Scroll to next

A passion for STEM

Anneshwa_Profile_croppedAnneshwa Dey
Course: Masters of Digital Systems and Telecommunication, 2020
Institution: Australian National University  
Location: Canberra, ACT

As Anneshwa Dey approaches the end of her master’s degree in digital systems and telecommunication, she is already preparing for the next step on her academic and professional journey.

In fact, Anneshwa has now accepted a PhD position at the Australian National University (ANU) in Canberra. Her research will focus on the use of signal processing and coding techniques used in gravitational waves and telecommunication into other applications, like inertial navigation.

The uncertainty of a global pandemic, together with travel restrictions and lockdowns, has meant that the ANU student hasn’t been back to India for more than 18 months.

Add to that, Anneshwa’s own parents becoming sick with COVID-19, the tyranny of distance and that lingering question of when she might be able to see her family again, and it’s fair to say its been a challenging time.

Despite this, Anneshwa says her family’s love and continued support for her to ‘stay the course and keep going’ has fuelled her persistence.

“It has made me realise I want to be closer to my family and that has strengthened my determination to do well in my current path,” she says.

It was Anneshwa’s  family and formative years that instilled in her a passion for education and technology."

Her grandparents and parents, she says, inspired her to follow a career path in STEM (Science, Technology, Engineering and Mathematics).

“I grew up in a joint family where my uncle and aunt, along with my parents, brought me up. All of them, together, pushed me to give my best. They ensured I was motivated to accomplish whatever I set my mind to.

Anneshwa has fond memories of her family’s encouragement.

“My uncle graduated from a polytechnic college and he had all these wacky ideas for my science projects,” she quips.

“I just enjoyed it so much that I knew engineering would be my path.” 

During her master’s degree studies at ANU, Anneshwa has been providing encouragement to the next generation of women in STEM, by participating in the Girls into Earth and Marine Sciences program. The program saw her mentor year 11 and 12 students at Lake Tuggeranong College in Australia’s capital city, Canberra.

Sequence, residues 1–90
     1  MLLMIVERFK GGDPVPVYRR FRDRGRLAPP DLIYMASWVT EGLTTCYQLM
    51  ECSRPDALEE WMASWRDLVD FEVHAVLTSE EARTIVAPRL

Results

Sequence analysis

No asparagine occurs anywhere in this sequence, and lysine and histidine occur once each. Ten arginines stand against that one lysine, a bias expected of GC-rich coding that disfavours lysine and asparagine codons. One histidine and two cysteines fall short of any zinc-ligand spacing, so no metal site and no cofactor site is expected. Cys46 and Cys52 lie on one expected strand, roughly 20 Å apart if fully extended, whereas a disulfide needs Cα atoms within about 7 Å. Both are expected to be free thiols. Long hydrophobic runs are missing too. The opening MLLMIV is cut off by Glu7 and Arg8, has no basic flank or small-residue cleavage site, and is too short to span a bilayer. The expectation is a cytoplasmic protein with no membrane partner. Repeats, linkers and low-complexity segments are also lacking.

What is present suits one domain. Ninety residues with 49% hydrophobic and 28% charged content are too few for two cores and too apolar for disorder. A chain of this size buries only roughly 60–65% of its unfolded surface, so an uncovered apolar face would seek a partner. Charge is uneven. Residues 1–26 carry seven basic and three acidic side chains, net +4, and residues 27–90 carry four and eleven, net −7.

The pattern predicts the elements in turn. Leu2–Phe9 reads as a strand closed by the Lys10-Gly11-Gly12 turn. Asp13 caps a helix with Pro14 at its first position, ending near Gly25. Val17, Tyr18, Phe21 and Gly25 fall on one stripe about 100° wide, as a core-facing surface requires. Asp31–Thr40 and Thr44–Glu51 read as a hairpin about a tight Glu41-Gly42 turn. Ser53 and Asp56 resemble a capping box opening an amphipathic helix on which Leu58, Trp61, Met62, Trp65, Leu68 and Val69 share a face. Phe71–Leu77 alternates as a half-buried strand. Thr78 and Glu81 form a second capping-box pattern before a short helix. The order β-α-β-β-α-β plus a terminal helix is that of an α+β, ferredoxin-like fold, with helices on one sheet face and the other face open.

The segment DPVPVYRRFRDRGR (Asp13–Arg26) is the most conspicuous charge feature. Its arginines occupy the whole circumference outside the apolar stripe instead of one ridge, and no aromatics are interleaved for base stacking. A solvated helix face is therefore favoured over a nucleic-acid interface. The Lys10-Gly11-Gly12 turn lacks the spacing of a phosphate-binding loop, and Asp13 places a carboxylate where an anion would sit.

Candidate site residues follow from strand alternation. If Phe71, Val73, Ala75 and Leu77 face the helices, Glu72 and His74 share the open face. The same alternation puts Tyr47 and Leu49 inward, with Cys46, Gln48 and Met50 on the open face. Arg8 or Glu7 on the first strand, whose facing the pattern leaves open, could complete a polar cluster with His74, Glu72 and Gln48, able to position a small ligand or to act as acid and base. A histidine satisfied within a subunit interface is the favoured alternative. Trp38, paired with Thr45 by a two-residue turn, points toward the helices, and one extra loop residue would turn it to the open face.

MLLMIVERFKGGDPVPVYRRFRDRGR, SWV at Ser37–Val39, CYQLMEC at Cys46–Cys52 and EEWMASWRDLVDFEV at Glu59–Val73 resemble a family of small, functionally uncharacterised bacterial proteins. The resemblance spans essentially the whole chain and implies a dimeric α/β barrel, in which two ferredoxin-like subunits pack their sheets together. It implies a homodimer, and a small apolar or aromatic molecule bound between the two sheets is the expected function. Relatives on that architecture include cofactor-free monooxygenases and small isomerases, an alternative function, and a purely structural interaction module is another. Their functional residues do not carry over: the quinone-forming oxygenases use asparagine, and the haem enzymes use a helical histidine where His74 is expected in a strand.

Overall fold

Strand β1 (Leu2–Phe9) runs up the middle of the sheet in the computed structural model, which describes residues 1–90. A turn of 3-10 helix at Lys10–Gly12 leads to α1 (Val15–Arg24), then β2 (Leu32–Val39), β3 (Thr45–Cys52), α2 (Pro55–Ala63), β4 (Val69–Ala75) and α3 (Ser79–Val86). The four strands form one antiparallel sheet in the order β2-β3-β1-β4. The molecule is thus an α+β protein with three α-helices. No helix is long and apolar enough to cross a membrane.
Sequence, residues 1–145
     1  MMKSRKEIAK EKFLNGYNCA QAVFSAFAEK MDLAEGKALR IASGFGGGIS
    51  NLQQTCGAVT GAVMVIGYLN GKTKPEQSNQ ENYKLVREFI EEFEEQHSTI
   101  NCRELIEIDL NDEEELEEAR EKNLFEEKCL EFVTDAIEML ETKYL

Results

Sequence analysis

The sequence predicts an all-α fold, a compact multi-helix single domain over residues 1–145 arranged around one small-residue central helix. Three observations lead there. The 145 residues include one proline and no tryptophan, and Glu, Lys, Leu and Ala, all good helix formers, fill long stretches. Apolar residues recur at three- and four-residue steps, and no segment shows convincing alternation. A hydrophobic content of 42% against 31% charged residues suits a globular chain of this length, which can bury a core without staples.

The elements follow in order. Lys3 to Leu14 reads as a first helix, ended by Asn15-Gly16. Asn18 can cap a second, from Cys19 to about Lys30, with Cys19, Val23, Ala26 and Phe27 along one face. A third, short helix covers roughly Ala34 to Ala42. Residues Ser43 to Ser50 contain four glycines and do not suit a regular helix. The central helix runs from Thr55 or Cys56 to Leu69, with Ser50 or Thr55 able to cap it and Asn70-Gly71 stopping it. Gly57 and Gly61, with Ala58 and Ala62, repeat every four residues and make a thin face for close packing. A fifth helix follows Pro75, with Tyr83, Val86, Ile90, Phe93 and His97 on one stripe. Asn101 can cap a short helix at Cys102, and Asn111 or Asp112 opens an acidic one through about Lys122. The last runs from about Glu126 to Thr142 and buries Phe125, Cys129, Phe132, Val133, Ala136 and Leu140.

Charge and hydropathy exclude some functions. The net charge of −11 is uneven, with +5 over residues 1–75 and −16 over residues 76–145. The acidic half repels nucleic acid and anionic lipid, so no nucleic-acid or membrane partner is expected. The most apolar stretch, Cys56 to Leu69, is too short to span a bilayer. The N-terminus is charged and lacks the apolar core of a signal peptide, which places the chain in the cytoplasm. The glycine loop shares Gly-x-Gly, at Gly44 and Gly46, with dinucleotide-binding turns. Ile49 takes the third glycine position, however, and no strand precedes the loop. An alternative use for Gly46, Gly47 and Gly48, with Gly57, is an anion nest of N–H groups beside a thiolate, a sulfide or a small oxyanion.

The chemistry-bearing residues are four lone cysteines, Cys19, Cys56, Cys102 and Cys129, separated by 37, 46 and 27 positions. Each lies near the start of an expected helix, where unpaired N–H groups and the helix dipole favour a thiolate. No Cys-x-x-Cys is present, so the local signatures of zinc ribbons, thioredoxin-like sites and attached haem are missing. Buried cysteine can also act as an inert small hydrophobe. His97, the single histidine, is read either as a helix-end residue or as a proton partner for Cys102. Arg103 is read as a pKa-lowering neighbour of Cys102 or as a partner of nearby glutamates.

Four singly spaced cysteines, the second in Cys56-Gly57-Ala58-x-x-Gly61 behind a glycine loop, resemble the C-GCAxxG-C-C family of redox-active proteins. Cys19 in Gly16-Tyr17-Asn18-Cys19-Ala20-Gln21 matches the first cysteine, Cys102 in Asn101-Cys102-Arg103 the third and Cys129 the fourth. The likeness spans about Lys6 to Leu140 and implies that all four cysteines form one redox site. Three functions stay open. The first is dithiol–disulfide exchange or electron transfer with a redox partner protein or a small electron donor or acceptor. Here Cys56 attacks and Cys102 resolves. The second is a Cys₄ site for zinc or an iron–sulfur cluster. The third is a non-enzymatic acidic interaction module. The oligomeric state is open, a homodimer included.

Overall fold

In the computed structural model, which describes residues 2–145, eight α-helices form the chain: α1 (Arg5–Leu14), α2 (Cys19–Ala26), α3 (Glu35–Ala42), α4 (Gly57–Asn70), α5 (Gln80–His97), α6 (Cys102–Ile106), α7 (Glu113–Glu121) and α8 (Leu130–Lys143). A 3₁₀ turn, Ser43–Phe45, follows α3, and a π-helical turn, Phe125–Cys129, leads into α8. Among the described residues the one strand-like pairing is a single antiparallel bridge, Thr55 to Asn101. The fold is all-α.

“The general idea was to tell them about the opportunities in engineering and to help them build a proposal on a relevant STEM-focused topic.

“They had to propose a course, that kids who are in grade 2 now, would study in 2030. The idea was to fill the gaps for what they lacked or should have known in high school, that would help them transition into college.

“It is the most satisfying feeling,” Aneshwa says, when asked what it’s like to mentor these students.

Knowing that even one student can be informed about the opportunities in engineering and forgo the stereotypes associated with engineering particularly for females is the best gift I can get out of mentoring.

The pandemic has been tough on Anneshwa and her family but staying in contact virtually with those back home helped her cope. In Canberra, her tight-knit community of friends and colleagues at ANU were also there to provide support.

“I was in constant communication with my family but given I could not do much, keeping myself distracted by work, and having a team that had my back, was how I managed to come through it.

“My best friend in India has given me constant company virtually and my cousins in Melbourne always cheered me up when I was down. This company, even though virtual, was my steer and I simply couldn't have done this journey without him.

“My extended family in Canberra (my friends) have also been incredibly supportive. We talk, go for a long drive to see the sunsets, have meals together. I think for most of us here who are miles away from family, having supportive and understanding friends is simply the best. We just show up at the door of the person, bring them food and talk.

As someone who has spent her academic life studying digital technology, Anneshwa has advice for those looking to undertake online study.

“It becomes essential to be more outspoken online,” she says. “I understand it is more difficult, but it is easy to get lost in the virtual crowd. So, speaking up, reaching out to tutors, lecturers and fellow classmates can do wonders.

“I am just hoping things change in the near future. I am glad to be here. How Australia has tackled the COVID situation here is absolutely amazing.

“More than me, it is for my family who have one less thing to worry about. The last two and half years of my life at ANU have been challenging, but wonderful.

You can start your Australian education today from wherever you are.  Visit ‘explore my study options’ on our home page where you’ll find a flexible mix of study options from wholly online through to studying at Australian campuses around the world. Follow in Anneshwa’s footsteps and start your own unique journey today.

Rate this page

  • Rate as Helpful1 Helpful votes
  • Rate as Not helpful0 Not helpful votes

Related stories

Zia - Indonesia

Zia is working with the World Health Organisation helping to combat malaria. She believes her Australian education played a critical role in preparing her for this important work.

Karan - India

Karan chose an Australian Master of Business degree in Singapore to prepare him for an international career in financial services. He’s now Wealth Manager at an advisory firm in India.